Interviews, insight & analysis on digital media & marketing

NDA Viewpoints: Dmexco Insights – The changing role of the CMO

By Paige O’Neill, CMO, Sitecore

A top calendar highlight for Europe’s leading digital marketers, at Dmexco this year, the theme which rang true to me was the ever-evolving role of the CMO and the ongoing impact of technology. In fact, this topic was the focus of a panel discussion I undertook with fellow panellists — CMOs from Publicis Spaient, Escada and Purina PetCare. Here, I address my top three takeaways from the event and why marketers need to take note of the change afoot in our industry.

The role of the CMO is changing

The general consensus amongst my peers was that the CMO’s role has become increasingly broad. This change was partly a result of the growing number of channels now available for brands to communicate with customers and vice versa, but also due to the range of marketing technologies available to improve these interactions.

Today, CMOs have to be the master of many competencies. They are expected to drive digital transformation efforts across the business, be able to derive real business insights from the data the marketing team uncover within complex data sets, choose the best marketing tools to meet business requirements and ensure the tools can be integrated within the company’s complex technology stack. The list is endless.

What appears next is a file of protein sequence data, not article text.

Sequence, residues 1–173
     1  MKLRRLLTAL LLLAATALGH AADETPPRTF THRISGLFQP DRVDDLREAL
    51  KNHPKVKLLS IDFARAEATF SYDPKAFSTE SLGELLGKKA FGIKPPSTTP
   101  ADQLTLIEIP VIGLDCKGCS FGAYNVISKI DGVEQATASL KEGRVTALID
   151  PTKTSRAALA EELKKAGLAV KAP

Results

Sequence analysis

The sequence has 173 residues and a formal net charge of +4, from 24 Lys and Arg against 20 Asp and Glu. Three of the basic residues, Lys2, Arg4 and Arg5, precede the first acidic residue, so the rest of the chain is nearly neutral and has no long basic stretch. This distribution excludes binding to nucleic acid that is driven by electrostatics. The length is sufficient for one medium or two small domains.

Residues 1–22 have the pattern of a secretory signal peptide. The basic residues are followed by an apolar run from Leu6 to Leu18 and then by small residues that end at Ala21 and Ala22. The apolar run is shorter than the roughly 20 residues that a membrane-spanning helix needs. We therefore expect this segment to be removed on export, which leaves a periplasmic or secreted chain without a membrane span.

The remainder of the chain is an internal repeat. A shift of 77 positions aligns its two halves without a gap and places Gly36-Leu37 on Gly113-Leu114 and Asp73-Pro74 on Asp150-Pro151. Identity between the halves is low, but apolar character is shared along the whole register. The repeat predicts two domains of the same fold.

However, there were two clearly distinguishable schools of thoughts regarding the changing role of the CMO at Dmexco. On one hand, some believe that the role has actually become too broad and that it should be more focused on traditional marketing tasks, such as managing demand generation and the overall brand image.

This group championed the idea that the CMO’s role should be carved up into different specialities, giving some roles, such as a Chief Digital Officer, a specific focus on technology. This seems to be a trend many companies are experimenting with.

For example McDonald’s isn’t directly replacing its CMO role, but instead will have an SVP of Marketing Technology – who will work specifically with personalisation and AI software and report directly to the company’s CIO. Alongside this role will also be the SVP of Global Marketing, who will work on the non-technological elements and report directly to the CEO.

On the other hand, some believe that the role should remain broad and all-encompassing. This group, which I am a part of, believe that as CMOs are closest to the customer, they are therefore best placed to drive customer experience strategy and understand how this strategy should fit within the company’s digital transformation plans.

The need to make brands feel more human

Another key question that was asked during Dmexco was around how marketers can make brands feel more human and closely aligned with the wants and needs of customers, even when we are using more complex technology to try and personalise customer experience.

Many brands are now using technology such as artificial intelligence and machine learning to try and better understand and interact with the customer; collecting data from every touchpoint in an individual’s purchase journey and using it to target them with specific product recommendations or relevant deals.